By Allen Hamrick
Many folks say that wild, wonderful West Virginia is the place to be with all of its untamed rivers and streams, mountainous beauty, forgotten wilderness and trails. Small towns that sprang up along now abandoned rail lines have become nothing but a distant memory yet were once bustling with hard living conditions and a life that families worked through and prospered. We live in a county that embodies all these aspects and more. If you want history, exploration, outdoor activities, and more – we got it. There is a call now more than ever to get out and explore our history and maintain our ancestral heritage before it is gone forever.
Our county was built on the backs of individuals that pushed the boundaries of hard work and determination to build logging and mining communities along the rail lines where they raised families and buried loved ones in cemeteries that dot the hillsides. These communities, Swandale, Avoka, Crestmont and Adair just to name a few, were a part of a rail system that fed the county with coal and lumber. With that being said, there is one way of remembering these communities and their history. There have been many stories already written on the newly opened rail to trail that stretches from Dundon to just above Adair; it is a wonderful way to get out and explore this county. However, if you didn’t either ride the jitney or pedal a rail bike then you nearly lost all hope of doing so. The floods beat the rail hard and nearly closed it down for good, but one could still ride the track so far before having to turn. The BC&G rail excursion had to shut down operations in the last couple of years due to much needed track maintenance.
FEMA stepped in, and a crew came in and reworked the failing track, rebuilt the trusses, replaced thousands of cross ties and made the line a new trail that the county can be proud of. The trail is now extended to a 28 mile round trip excursion through a time when only story keepers and moldy books can remember what was there. The new trail will open up areas of Clay’s past and set you in a wilderness where nature wraps its arms around you and fills your lungs with a renewed passion for the outdoors. The rail also takes you past one of the most scenic creeks in the state that is stocked with trout. Hopefully, this development brings other venues that can thrive in this county if only people will just get out and get moving. You owe it to yourself to take advantage of the opportunities in this county- hiking, fishing, canoeing and biking.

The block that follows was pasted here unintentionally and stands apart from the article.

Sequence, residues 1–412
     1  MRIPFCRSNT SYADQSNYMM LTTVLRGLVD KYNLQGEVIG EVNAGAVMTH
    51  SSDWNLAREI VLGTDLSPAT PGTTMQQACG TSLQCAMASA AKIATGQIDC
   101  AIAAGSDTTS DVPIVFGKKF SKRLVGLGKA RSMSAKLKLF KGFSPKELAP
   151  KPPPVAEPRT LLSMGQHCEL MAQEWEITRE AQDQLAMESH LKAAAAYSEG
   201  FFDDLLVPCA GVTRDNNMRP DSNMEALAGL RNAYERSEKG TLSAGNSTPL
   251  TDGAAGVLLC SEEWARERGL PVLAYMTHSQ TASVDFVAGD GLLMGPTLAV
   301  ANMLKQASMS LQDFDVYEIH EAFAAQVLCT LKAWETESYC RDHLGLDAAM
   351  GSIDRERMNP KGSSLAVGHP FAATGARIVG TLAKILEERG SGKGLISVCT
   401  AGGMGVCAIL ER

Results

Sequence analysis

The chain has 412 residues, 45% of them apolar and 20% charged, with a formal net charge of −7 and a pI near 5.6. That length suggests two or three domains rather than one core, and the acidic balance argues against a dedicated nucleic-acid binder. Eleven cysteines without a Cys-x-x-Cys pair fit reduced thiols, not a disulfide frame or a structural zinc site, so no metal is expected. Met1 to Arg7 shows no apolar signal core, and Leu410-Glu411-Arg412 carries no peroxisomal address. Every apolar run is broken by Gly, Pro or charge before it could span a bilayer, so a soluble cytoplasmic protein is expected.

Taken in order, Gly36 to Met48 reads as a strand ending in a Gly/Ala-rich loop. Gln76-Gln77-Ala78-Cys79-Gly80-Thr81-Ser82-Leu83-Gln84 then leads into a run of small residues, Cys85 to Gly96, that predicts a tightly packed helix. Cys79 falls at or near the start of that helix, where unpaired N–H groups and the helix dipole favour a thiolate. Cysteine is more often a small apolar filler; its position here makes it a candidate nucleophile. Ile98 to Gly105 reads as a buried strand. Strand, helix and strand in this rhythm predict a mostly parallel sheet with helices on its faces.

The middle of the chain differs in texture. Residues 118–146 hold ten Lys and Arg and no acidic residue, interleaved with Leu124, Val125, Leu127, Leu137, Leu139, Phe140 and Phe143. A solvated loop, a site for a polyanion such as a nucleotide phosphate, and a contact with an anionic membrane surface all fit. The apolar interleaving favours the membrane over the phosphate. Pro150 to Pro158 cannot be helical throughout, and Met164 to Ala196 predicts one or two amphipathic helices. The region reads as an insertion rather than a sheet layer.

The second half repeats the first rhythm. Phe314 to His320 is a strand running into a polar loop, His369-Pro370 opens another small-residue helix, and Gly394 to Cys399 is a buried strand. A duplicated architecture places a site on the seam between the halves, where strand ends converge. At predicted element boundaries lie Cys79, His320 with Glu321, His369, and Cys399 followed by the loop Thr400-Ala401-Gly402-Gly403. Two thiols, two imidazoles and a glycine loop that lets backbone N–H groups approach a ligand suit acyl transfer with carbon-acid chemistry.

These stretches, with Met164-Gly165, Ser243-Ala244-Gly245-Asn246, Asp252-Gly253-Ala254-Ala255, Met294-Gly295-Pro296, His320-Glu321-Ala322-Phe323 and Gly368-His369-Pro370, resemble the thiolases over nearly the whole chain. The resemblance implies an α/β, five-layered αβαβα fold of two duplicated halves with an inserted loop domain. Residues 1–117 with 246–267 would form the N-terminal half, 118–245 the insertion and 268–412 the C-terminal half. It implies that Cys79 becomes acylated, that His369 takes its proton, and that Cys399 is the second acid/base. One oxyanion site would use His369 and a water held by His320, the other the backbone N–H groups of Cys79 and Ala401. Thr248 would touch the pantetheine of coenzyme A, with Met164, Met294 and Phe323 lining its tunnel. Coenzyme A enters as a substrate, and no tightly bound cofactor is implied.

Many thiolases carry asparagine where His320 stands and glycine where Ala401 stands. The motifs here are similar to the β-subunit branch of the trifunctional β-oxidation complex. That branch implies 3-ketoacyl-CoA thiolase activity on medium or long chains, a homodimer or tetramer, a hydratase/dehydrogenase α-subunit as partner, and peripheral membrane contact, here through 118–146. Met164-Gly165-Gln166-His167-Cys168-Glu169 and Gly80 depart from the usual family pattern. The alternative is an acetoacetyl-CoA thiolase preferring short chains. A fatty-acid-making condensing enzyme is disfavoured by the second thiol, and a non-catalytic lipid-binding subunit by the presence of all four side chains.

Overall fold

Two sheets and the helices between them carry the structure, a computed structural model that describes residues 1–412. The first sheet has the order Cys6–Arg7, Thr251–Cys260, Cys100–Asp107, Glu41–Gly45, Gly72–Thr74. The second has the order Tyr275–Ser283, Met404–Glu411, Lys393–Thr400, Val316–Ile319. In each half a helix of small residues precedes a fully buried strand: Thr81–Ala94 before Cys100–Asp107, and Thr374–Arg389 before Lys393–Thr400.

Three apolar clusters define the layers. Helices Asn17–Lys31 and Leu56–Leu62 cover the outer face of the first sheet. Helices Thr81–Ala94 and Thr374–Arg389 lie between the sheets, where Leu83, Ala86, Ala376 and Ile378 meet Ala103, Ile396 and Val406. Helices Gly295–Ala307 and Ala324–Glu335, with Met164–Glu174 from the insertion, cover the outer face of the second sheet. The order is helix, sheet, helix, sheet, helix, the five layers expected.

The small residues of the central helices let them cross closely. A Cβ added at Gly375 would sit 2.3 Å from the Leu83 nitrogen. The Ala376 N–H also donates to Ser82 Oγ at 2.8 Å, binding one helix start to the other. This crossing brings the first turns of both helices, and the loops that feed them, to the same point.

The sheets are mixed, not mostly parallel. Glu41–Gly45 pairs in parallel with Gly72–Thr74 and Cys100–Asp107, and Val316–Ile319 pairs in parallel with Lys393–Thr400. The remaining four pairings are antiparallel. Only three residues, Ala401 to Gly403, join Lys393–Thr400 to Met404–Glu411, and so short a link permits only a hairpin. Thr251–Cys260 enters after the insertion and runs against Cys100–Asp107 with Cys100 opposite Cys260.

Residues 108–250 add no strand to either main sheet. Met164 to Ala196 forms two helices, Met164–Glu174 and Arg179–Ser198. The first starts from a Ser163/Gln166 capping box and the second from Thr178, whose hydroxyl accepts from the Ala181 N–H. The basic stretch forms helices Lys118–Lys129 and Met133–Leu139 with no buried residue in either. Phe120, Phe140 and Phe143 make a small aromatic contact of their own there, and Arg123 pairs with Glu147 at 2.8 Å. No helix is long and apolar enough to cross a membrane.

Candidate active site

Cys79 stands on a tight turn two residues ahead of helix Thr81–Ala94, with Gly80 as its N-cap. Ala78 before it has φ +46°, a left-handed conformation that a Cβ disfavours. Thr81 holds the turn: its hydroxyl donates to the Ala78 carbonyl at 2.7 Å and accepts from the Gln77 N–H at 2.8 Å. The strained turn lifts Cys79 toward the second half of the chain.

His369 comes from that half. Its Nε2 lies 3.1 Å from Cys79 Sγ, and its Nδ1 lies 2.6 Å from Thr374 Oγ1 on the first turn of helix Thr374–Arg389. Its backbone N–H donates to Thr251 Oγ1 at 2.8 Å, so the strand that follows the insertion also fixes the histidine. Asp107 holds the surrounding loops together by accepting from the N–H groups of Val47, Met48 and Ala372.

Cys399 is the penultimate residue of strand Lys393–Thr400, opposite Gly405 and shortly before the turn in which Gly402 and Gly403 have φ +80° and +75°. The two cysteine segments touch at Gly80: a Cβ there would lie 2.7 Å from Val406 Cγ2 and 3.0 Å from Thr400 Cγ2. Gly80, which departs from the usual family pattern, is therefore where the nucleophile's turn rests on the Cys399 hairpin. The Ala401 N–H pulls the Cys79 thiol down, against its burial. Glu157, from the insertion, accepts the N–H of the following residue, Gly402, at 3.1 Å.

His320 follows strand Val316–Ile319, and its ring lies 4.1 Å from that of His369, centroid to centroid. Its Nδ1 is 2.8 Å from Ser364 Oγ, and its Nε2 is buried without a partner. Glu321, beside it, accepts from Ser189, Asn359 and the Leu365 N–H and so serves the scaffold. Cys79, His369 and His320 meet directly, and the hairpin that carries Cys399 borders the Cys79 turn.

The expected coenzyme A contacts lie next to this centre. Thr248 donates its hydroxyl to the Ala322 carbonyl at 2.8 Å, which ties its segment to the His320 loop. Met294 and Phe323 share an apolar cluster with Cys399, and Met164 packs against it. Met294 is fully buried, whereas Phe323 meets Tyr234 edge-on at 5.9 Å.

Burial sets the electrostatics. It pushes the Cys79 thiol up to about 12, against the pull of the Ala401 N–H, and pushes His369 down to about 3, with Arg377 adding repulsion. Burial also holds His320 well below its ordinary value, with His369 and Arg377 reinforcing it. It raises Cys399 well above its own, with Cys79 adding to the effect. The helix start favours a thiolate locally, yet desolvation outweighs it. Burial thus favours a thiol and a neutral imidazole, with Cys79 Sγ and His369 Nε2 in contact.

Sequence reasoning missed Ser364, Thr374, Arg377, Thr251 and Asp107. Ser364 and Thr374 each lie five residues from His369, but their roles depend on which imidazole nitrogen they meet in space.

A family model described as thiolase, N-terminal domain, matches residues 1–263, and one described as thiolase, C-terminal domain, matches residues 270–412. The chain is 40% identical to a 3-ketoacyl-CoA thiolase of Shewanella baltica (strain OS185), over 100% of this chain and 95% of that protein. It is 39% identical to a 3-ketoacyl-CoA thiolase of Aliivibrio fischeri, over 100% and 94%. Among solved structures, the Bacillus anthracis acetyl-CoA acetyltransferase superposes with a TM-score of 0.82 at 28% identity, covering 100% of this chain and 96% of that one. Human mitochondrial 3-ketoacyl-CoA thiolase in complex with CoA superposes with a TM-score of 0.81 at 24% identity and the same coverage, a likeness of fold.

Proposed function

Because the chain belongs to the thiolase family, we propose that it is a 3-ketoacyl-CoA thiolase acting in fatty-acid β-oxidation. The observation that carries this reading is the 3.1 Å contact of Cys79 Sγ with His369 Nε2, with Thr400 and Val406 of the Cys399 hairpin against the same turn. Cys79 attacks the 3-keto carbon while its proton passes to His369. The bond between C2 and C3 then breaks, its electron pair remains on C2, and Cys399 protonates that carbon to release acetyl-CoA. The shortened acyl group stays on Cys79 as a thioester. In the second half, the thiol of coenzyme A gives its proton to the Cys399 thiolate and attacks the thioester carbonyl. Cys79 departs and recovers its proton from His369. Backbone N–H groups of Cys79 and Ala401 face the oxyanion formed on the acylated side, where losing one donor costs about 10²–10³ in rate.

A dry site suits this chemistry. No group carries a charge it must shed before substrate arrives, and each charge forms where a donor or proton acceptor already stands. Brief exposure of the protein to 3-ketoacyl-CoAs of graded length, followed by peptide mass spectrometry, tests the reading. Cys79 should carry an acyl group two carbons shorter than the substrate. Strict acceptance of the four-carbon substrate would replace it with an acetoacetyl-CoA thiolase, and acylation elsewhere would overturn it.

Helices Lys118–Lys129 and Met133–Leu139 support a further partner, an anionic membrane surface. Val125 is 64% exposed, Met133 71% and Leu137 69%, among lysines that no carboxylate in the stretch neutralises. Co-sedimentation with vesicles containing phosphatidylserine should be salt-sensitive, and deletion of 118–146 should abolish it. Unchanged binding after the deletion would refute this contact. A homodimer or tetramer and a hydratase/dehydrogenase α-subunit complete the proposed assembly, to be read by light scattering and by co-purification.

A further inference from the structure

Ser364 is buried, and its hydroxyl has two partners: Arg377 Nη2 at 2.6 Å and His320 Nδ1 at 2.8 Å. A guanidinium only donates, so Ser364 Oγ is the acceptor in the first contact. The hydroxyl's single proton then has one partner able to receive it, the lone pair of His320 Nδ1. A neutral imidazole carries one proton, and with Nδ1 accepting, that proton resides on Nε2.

The renovated track will become part of the state park system later on this year. Proposals are now coming in from different companies that will operate the rail line. These companies will be bringing a new look and feel to the line with new types of rail cars and possibly rail busses, but right now it’s up in the air as to who will take over. The first to come and check out the track was Rail Explorers, who started in New York and have spread into Rhode Island, Delaware, Las Vegas, the Catskills, Cooperstown and Boone, Iowa and soon may lay roots in Clay County. They allow nearly 50,000 people a year to ride on the tracks in their rail bikes throughout the country.
The extended outlook for whoever takes it over looks to be full of different opportunities as the years’ progress, whether it be riding, fishing, or shopping. For now, the stage is set for the old BC&G line which is part of the Elk River Trail system to be one of the best in the state and a top destination spot for travelers across the country. A date will be soon given as to when they will reopen the track. So, be one of the first to experience it when they begin running again, a ride that many took in our county’s past as an everyday occurrence that just a few have experienced today. The trout will be stocked, and the only way to get to the good ones is to stretch your legs and travel to the remote honey holes. In the spring, the fish will be biting and the trails waiting. Get out and enjoy, and don’t forget the bait or your camera.
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